Here’s the first thing I love about Charlie Huston’s ripping new book, “The Mystic Arts Of Erasing All Signs Of Death”: Webster Fillmore Goodhue, the hero of the book, is a total unrepentant asshole.
There is nothing that makes me more mental during a notes session than when someone brings up the word “likable.” Like it is the end-all be-all desired state of existence for every character ever created. Like that is what we all aspire to as personal nirvana: likability.
Charlie Huston is smart enough as a writer to know that it doesn’t matter if you like a character or hate a character just as long as their voices strike us as real. If we engage, that’s all it takes. Honestly, for the first half of the book, Web is such a complete douche to each and every person in his life that you figure he earns every bit of bad karma that comes raining down on him over the course of this wicked, dark noir thriller. But gradually, Web’s damaged past starts to surface, and as you piece together exactly why it is he doesn’t ride the bus or what led him to stop teaching… well, it pays off. And while I would never actually say that I liked Web, the process of fully comprehending him as a character was a total delight.
[More after the jump.]
Huston has been building a reputation with fans of crime fiction. His website’s called Pulpnoir.com, for god’ssakes. That’s a guy who speaks my language, at least in theory. There’s a fine line between understanding pulp and noir and being able to create real, viable new works in the genres, and just doing empty pastiche or homage. Huston absolutely lives and breathes this stuff, and “The Mystic Arts Of Erasing All Signs Of Death” is as good a jumping on place for new readers as any, and I guarantee it’ll send you searching for his earlier work.
As I said, Web Goodhue is an asshole. A former elementary school teacher, he has retreated into a responsibility-free cocoon of bad behavior and poor social skills. He works occasionally at the tattoo parlor run by the friend he’s living with, and he’s abusive and hostile to anyone he has to talk to. He’s hiding. Intentionally pushing away even the slightest suggestion of human kindess. And when he finds himself in a bind over money, he is at a loss until an acquaintance of his named Po Sin offers him the worst job he can imagine: cleaning up at the scenes of deaths after the police have finished. It’s exactly the sort of self-degradation that appeals to Web, and he throws himself into the job, never realizing exactly how far down the ride’s going to take him. When he meets a standard-issue femme fatale named Soledad, she and her brother Jamie get him embroiled in a scheme that threatens his life, which is already looking somewhat threatened by the turf wars he never realized existed in the crime-scene clean-up business. The book is scabrously funny, dirty in places, with terribly graphic descriptions that will turn all but the strongest of stomachs.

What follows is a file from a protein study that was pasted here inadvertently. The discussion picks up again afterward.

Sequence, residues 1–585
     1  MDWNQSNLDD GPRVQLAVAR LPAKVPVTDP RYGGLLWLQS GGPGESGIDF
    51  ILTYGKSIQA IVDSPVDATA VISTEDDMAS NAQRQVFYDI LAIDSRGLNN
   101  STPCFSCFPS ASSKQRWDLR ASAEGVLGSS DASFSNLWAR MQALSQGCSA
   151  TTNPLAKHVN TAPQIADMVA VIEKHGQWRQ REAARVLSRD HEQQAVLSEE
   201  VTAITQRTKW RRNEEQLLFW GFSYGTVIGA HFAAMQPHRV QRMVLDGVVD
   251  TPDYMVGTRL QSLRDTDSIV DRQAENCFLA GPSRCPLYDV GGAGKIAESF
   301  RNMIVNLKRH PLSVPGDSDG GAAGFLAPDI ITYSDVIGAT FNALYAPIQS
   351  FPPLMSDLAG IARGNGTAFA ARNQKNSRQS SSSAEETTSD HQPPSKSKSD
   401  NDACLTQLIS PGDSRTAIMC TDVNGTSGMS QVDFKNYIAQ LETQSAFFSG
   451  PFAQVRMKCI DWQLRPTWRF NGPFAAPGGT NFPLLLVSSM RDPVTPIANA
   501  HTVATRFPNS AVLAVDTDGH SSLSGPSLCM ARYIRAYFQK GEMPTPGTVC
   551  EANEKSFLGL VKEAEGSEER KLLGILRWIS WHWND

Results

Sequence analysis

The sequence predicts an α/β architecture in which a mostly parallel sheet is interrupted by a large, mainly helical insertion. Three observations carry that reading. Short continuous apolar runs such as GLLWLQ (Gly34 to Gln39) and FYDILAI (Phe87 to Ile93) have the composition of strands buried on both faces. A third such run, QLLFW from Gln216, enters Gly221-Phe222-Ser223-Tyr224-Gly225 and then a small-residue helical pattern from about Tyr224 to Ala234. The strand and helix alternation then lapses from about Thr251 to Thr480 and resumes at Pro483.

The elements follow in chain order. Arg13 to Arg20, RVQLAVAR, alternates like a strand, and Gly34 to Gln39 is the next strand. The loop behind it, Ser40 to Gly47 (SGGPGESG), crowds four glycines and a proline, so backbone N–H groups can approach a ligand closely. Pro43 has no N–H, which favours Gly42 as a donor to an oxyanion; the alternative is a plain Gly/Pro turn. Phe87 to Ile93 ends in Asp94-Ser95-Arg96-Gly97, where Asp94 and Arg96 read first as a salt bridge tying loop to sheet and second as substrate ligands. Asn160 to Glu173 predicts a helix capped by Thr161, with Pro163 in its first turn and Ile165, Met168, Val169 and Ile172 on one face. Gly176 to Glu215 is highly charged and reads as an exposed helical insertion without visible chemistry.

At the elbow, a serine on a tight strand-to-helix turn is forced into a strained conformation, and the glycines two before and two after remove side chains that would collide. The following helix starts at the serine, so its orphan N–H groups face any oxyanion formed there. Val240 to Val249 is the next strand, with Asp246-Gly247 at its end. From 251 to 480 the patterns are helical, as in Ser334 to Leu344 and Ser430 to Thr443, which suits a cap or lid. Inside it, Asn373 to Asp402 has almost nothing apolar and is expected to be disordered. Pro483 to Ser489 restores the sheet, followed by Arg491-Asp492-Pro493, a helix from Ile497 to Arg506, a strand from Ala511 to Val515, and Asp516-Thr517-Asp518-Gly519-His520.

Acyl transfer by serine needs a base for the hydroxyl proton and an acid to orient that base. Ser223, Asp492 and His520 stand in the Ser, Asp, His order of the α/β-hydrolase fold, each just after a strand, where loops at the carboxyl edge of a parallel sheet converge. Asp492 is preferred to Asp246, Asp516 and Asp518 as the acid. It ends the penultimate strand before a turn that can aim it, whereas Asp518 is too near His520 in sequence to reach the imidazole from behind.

Want to read a sample for yourself? Check out this widget that the publisher provided:
Nice, eh? That’s a sample of the way Huston uses voice to wrap you up in even the most horrifyingly graphic moments. And the way it doesn’t matter if you like the main character or not. Web’s interesting. His pain is very real, and his blistering sarcasm is a clear defense against a world that has hurt him as much as he feels like he can be hurt. This would work even if it weren’t a noir story, because Web’s that well-realized. You could just read this as a story of a broken young man trying to use this filthy job to somehow shock him out of the fog he’s been in since his own personal tragedy. But the way Huston uses this particular world to paint this noir story is what makes the book one of the most seductive reads I’ve had in a while. It works completely as a noir thriller, and as a character study, and neither side is shortchanged. That’s no easy trick, and it’s just further proof that Huston is rapidly developing into one of our most precious resources in crime fiction.
I love that his publisher is trying various new-media techniques to try to get people to pick up the book, like this YouTube trailer:
I meant to publish this review for the first day the book was in stores, which was smack-dab in the middle of Sundance, and part of my thought I actually had published it. But when I was looking at the blog list today and saw that I hadn’t actually finished the review, I cursed. Repeatedly and creatively. This is exactly the sort of work that deserves to be supported and passed around and shared. This is one of those books that will probably be a frequent birthday gift from me to friends this year. And it’s one of those books I hope you’ll pick up, because if you like this type of storytelling at all, I think you’re going to be suitably flattened by just how sharp and funny Huston is right now, and by just how much his seemingly simple story really has to say about the way we pick up and carry on after being touched by the shadow of mortality.